Protein function repairing genetic damage in spermatogenesis identified
Researchers from the Department of Cell Biology, Physiology and Immunology and the Institute for Biotechnology and Biomedicine of the Universitat Autònoma de Barcelona (IBB-UAB) have unmasked the functioning of a protein involved in DNA repair, ATR, in the meiotic recombination process which takes place during the development of spermatocytes — sperm precursor cells- and how inhibiting this protein causes anomalies which block spermatogenesis.
The study, led by Ignasi Roig and conducted using mouse models, was recently published in Nature Communications. Also collaborating in the study were researchers from the Spanish National Cancer Research Centre (CNIO, Madrid), the Memorial Sloan-Kettering Cancer Center (MSKCC, New York) and the Howard Hughes Medical Institute (HHMI, New York).
Sperm and ova are formed through a process of cell division known as meiosis. Both types of cells are haploid gametes, i.e., only containing one copy of each chromosome. In this process, two rounds of cell division reduce the number of chromosomes by half, thus guaranteeing the correct amount of chromosomes of the species after fertilisation. During the first division, DNA double strand breaks are produced deliberately and are then repaired through meiotic recombination. This leads to homologous chromosomes pairing and exchanging of genetic material between both. Errors in these processes can cause problems in the integrity of the genome, thus generating defective sperm or ova.
“Thanks to the use of mice with deficiencies in their ATR expression and drugs inhibiting this protein, we were able to demonstrate that the protein is essential for properly completing the meiotic recombination in spermatocytes acting in the very early stages,” Ignasi Roig explains.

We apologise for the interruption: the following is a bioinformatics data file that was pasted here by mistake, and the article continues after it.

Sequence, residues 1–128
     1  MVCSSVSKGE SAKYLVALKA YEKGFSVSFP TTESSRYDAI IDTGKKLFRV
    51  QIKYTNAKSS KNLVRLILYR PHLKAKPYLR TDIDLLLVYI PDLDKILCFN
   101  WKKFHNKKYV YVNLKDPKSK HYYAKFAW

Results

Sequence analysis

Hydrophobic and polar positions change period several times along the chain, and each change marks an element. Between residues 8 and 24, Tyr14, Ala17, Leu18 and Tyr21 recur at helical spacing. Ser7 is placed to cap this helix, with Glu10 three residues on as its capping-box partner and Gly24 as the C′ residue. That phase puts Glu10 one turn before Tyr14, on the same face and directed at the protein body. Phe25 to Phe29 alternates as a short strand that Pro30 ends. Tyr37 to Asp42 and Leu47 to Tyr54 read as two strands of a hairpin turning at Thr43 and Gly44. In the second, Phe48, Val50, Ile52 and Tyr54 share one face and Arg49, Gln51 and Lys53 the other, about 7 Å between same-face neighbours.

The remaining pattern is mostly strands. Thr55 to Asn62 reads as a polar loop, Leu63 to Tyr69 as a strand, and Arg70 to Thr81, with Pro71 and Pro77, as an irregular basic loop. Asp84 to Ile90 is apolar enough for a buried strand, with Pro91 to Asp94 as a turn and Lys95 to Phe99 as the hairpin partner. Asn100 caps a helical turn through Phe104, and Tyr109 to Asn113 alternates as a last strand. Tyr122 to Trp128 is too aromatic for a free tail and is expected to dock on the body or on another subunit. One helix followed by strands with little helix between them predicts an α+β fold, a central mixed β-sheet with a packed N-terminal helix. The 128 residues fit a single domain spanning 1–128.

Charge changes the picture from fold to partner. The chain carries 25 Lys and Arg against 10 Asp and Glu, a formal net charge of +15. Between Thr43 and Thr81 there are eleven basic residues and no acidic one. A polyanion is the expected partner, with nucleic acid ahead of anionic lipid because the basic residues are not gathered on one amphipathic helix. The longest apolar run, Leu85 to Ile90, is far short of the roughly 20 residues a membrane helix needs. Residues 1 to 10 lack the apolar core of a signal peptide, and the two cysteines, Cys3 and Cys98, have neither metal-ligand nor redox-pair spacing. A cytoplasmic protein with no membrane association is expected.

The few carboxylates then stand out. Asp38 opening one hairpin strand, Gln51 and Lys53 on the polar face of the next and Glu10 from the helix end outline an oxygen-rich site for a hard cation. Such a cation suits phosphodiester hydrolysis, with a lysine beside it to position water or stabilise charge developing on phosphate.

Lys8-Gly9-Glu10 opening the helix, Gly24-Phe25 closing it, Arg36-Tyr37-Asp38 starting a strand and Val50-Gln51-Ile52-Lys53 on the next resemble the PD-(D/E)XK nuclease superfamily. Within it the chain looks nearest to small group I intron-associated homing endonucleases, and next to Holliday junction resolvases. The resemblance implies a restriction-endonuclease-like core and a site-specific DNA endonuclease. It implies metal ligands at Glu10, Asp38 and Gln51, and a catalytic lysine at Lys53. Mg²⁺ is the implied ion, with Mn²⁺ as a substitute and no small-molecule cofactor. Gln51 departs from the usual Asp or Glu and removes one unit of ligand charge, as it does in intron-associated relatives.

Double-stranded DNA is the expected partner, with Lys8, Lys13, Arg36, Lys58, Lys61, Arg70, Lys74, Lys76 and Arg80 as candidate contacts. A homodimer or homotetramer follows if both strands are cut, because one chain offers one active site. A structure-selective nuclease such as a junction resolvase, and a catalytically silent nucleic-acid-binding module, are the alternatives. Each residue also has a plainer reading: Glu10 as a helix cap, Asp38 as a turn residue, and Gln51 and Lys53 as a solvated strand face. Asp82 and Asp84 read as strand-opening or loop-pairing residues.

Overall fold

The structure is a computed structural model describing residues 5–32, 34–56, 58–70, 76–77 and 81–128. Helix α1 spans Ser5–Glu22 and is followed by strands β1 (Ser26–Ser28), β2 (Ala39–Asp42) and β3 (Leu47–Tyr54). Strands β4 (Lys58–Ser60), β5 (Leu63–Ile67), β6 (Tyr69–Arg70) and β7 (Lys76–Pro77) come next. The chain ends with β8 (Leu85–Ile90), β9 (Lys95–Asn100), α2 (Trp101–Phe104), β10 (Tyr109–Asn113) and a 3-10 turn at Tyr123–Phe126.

The study verified that ATR is needed for the correct recruitment of two proteins, RAD51 and DMC1, involved in the genetic repair process in single-stranded DNA regions created through the processing of DNA double strand breaks originated at the onset of meiosis.
“Spermatocytes with reduced amounts of ATR, or treated with inhibitors, present problems in homologous chromosomes pairing, as well as when repairing broken DNA strands and in the correct formation of the genetic material exchanged between homologous chromosomes, which is indispensable for the correct formation of sperm. This accumulation of anomalies causes a halt in cell progression and induces a programmed cell death, generating a block in spermatogenesis,” Roig concludes.
“The identification of the ATR’s function in meiotic recombination represents a large advance in the field of mammalian meiosis, given that researchers can finally establish its role in DNA repair in spermatocytes using genetic and pharmacological tools,” lead author Sarai Pacheco states.
Since the end of the 1990s it is known that ATR is found in spermatocytes, located alongside other proteins which participate in the meiotic recombination process. This led researchers to think the protein was also involved in the process. The fact that it is essential for the embryonic development of mammals has made it difficult until now to study it.
Finally, the study alerts of the possible side effects of using ATR inhibitor drugs in humans, which are currently being studied as possible anti-cancer treatment drugs. Researchers suggest that they may provoke a block in the production of sperm, and therefore, at least temporarily, cause a decline in male fertility.
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